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Planners hold up use permit
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The Liberty Consolidated Planning Commission decided not to decide the fate of a center for troubled women that wanted to use a former residence on McArthur Street.
Dr. Alicia Kirk of the Kirk Healing Center, in cooperation with local businessman Gary Dodd, plans to help troubled women get their lives back track. She wants to offer counseling, classes, training on financial management and similar programs.
The center has space on Dunlevie Road to house clients who need a place to stay. But the center is not a residential program.
"Anyone that comes there will only be there temporarily because our aim will be to get them a permanent home that they can live in on their own," Kirk explained.
And the home on McArthur Street, just off U.S. Highway 84, would be used primarily as office space and classrooms, Kirk told the planning commission.
But she does want to be able to allow a client to spend a night or two there, until they can be evaluated. These occasions, she said, would be when a woman needing assistance applied to the center on a Saturday or Sunday when it would be harder to get a professional to perform evaluations.
Numerous neighbors appeared at the LCPC meeting to object to the center's planned use of the McArthur Street building.
Some confusion was caused by the impression that the center was a rehab program for abusers of drugs or alcohol, a halfway house for parolees, or something similar.
Kirk said before, during and after the LCPC session that the center would not draw clients from prisons, treatment facilities, etc.
"Anyone needing rehabilitation must already be rehabbed before they come to us."
Judy Shippey, who had sold the house, said she thought the program was a good one and that she was thrilled to have her former home used for it. A retired educator, Shippey has volunteered to work at the center as soon as it starts up.
Shippey said, "It's not, absolutely not, a negative impact at all."
Shippey, Kirk and center co-founder the Rev. Nancy Kornegay spoke in favor of the special use of the McArthur Street building.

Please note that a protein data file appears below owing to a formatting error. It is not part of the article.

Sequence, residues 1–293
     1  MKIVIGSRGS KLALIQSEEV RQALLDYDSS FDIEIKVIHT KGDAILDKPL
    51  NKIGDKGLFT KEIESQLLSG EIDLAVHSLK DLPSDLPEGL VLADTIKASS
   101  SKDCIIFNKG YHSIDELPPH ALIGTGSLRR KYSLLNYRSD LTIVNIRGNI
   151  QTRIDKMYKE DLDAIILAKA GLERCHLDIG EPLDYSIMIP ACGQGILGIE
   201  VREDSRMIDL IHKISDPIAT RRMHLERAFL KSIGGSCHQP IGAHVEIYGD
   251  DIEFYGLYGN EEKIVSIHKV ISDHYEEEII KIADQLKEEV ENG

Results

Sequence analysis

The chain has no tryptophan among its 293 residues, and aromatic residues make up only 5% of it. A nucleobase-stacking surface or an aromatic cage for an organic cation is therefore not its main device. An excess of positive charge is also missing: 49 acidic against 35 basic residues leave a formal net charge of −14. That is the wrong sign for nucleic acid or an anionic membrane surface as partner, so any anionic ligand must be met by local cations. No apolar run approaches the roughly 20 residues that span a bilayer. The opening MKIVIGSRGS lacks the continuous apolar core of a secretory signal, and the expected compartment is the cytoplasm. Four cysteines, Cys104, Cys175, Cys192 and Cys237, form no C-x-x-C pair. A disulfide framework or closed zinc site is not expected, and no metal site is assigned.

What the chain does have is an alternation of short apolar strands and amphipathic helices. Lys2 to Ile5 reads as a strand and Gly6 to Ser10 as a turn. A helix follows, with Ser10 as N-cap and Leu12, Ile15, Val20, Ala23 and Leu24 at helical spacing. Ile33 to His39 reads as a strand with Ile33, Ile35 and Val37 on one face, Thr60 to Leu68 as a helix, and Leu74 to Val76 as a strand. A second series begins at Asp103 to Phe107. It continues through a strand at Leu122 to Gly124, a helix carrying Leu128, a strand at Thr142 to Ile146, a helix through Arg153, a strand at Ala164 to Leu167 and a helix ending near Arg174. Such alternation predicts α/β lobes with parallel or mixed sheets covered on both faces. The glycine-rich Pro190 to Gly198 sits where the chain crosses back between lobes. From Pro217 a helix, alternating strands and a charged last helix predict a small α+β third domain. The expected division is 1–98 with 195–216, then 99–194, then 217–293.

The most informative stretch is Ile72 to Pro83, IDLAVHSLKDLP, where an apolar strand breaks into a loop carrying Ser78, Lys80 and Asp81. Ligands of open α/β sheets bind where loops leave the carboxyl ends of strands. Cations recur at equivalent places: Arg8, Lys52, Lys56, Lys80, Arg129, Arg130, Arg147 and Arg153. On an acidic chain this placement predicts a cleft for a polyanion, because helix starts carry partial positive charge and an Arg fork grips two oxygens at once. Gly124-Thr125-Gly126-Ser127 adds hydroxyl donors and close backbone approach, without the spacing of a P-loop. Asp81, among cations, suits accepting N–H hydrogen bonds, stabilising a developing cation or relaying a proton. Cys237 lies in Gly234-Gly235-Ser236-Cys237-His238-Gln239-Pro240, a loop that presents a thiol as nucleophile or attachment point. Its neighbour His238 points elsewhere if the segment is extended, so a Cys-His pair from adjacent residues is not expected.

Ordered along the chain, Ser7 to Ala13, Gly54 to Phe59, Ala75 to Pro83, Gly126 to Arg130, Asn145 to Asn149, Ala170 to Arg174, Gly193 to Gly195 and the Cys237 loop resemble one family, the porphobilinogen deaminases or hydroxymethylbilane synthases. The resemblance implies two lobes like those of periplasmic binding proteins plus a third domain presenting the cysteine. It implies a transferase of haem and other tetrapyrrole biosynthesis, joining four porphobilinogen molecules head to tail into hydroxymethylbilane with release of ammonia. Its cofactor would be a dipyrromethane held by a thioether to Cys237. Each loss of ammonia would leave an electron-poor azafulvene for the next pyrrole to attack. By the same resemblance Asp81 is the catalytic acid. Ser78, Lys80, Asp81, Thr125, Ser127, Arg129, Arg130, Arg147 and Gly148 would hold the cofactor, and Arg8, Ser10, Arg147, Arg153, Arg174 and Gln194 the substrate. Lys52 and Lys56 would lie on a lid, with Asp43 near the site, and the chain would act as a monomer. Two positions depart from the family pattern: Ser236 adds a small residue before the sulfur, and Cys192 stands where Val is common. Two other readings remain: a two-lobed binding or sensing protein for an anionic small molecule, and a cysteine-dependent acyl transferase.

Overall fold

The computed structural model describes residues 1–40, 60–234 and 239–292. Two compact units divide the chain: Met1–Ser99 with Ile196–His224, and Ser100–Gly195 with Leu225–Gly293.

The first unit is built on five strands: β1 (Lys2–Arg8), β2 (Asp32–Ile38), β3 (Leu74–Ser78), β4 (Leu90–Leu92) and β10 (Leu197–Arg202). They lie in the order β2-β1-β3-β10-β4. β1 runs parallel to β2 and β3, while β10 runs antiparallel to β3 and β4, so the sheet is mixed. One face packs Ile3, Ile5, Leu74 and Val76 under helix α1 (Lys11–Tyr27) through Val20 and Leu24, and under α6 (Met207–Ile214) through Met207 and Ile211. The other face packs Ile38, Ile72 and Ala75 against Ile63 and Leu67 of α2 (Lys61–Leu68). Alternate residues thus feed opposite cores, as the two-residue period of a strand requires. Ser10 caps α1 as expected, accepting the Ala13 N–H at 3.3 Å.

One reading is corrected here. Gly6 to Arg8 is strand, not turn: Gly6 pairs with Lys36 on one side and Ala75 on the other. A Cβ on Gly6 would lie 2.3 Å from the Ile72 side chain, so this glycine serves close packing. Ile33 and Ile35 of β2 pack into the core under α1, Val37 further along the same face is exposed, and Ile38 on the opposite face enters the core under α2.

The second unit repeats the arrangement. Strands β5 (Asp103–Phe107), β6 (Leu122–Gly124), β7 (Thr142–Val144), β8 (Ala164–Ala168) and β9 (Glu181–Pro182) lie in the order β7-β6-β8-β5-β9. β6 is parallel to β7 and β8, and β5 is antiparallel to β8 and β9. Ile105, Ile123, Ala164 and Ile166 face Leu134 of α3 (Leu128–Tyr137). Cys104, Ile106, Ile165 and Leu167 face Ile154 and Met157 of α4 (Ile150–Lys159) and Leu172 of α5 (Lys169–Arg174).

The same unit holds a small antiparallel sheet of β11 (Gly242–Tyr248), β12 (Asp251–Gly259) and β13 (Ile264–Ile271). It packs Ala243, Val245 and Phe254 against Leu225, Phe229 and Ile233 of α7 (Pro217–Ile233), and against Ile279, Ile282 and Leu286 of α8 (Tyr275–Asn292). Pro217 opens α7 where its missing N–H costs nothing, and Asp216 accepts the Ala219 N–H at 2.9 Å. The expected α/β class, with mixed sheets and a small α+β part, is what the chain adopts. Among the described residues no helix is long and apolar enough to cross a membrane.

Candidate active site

Neighbors were implacably opposed. Dr. Evetta Borden said she lived and worked in the area and opposed the petition. She pointed out that the area had no sidewalks and that lighting was inadequate. "I think we're just asking for trouble if we do this.
Dr. John Johnson said the idea of the center, while a good one, did not fit the neighborhood.
"Apples should be with apples; oranges should be with oranges," the dentist said.
Bill Goodwin pointed to his long record of leadership in community causes such as the Tri-County Women's Shelter, but said of the McArthur Street plan, "A lot of the citizens don't want it."
He foresees a decrease in property value of his and other homes in the area if the center is there.
Attorney Linnie Darden spoke several times, attempting to clarify whether a drug treatment center was planned and whether the request was for a residential use and if so, how many people should be allowed to reside in the fairly small home.
Finally LCPC Chairman Don Boyce said, "We've got a lot going on here . . . the need is critical, but we're not even close at this point to reaching agreement."
Boyce said the July meeting would be considered the first public hearing on the petition and urged all parties to determine specifically what their needs are and how they can be met.
LCPC member Susan Strickland summarized, "I think this is a great program and it is badly needed in Hinesville. But not in this heavy traffic area."
In other business the LCPC gave enthusiastic unanimous approval for the Melon Bluff nature preserve master plan and Boyce thanked Laura and Meredith Devendorf for their work.

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